Alexis Tsipras and the Debt Negotiations
By GEORGE TSEBELIS, Foreign Affairs
The negotiations are secret, but there are plenty of leaks on both sides. They traffic not in facts but in the impressions of people participating in, or close to, the talks. It is clear that the Greek government is relentlessly optimistic—it has been expecting an agreement “any day now” ever since the removal of Yanis Varoufakis, the Greek finance minister, from the chief negotiating position last month—whereas the rest of the EU cannot see striking a deal anytime soon.
In other words, the leaks and conflicting daily statements from participants offer little clarity about the real state of affairs. Beneath them, though, lie structural issues that imply the EU has the upper hand. In the negotiating game, the deck is stacked in the EU’s favor. In the Greek domestic game, it favors Greek Prime Minister Alexis Tsipras, who wants a compromise.
In any negotiation, the two parties have “reservation prices” (that is, the point at which a negotiator would rather forgo any agreement). Reservation prices depend on how beneficial the deal on the table is and how disruptive the alternative would be. Understanding that Greece represents only three percent of the EU’s GDP, an outside observer might believe that the EU’s reservation price is quite low—it would be willing to walk away from the talks much sooner than the Greeks. In turn, any agreement will be weighted this way. Yet there are some additional factors—one institutional and one substantive—that are important to note.
The EU’s institutional advantage is that decisions (in the Eurogroup and in the council) are made unanimously, which implies that it is very difficult for any proposal to be accepted. For example, the Treaty of Lisbon, which is the functional equivalent of an EU constitution, took a decade to be negotiated and adopted. In the negotiations game, unanimous decision-making works against the Greek government, given the difficulty of getting any of its proposals accepted.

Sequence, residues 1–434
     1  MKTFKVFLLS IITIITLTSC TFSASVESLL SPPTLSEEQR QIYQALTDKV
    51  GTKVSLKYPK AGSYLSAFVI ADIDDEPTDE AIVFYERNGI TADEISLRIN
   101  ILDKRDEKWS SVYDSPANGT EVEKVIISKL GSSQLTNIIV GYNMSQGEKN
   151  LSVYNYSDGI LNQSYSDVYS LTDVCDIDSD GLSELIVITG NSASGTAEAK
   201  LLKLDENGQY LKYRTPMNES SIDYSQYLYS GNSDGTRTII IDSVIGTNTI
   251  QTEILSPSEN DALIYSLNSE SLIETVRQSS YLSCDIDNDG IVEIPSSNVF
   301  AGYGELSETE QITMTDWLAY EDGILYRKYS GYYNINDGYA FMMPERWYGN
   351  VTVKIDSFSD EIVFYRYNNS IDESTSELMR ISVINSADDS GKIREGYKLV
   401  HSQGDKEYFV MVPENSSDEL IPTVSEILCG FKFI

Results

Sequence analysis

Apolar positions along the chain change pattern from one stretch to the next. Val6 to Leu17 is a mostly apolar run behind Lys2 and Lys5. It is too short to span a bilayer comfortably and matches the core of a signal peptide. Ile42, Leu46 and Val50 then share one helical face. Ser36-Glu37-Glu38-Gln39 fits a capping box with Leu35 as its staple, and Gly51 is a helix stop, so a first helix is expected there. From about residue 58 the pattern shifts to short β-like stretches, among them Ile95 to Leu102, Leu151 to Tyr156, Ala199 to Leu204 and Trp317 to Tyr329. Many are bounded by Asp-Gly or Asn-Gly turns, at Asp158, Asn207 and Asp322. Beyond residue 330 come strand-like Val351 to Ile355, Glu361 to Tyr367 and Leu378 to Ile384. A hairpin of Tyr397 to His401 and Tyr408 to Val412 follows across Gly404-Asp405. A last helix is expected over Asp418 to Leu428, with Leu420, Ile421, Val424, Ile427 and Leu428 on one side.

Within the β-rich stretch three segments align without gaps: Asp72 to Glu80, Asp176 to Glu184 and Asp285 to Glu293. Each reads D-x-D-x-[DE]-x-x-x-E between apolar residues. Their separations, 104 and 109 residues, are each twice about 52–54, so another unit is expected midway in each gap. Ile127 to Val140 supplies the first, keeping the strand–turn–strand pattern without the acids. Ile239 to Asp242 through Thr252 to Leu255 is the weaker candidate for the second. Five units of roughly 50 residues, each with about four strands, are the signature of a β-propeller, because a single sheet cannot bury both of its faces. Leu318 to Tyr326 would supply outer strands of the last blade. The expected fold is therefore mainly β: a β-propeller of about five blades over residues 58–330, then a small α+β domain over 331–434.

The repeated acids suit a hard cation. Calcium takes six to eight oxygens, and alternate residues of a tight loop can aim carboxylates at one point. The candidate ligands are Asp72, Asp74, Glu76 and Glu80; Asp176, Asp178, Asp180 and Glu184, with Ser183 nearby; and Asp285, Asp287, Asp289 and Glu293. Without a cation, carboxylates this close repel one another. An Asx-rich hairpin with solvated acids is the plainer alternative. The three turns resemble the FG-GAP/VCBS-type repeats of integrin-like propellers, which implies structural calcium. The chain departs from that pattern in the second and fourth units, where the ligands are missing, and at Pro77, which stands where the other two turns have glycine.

The Greek government does not seem to understand this institutional feature of the EU. The government maintains that its position expresses the will of the Greek people and that it is thus entitled to impose its preferences (“tear up the memorandums”) on the EU or demand that the EU make at least 30 percent of the concessions to reach a compromise. Tsipras has repeatedly asked for private meetings with European leaders (German Chancellor Angela Merkel, European Commission President Jean-Claude Juncker, and European Central Bank [ECB] President Mario Draghi) to talk about a political solution. Yet time and time again, he is pushed back politely with the argument that the decision will be made by institutions—namely, the Eurogroup, or the “troika” of the International Monetary Fund (IMF), the European Commission, and the ECB.
The EU’s substantive advantage is that it has control over liquidity. In all bargaining situations, the most impatient player has to make the most concessions. The Greek government points out that a failure in negotiations would be detrimental to the EU as well as to Greece. That might be true, but not over the same time frame.
Time extracts a price during negotiation games, and an early agreement is better than a later one. In this particular case, delays diminish Greek liquidity: Greece is running out of cash for payments on salaries, pensions, and debts to the IMF. Several government officials have announced that they may decide to pay salaries over creditors, which has resulted in capital flight from Greece. Delays in the talks are also hurting the tourism industry, Greece’s major source of income. Foreign travel agencies are asking for contracts in which the Greek side assumes the risks of a change in currency (in case of Grexit) or an increase in the value-added tax (one of the major negotiation issues for the payment of the debt). Finally, delays have hurt the Greek government’s standing with the public. Although Greek popular support for SYRIZA has remained more or less stable since the election, government policies have recently lost backing in the polls.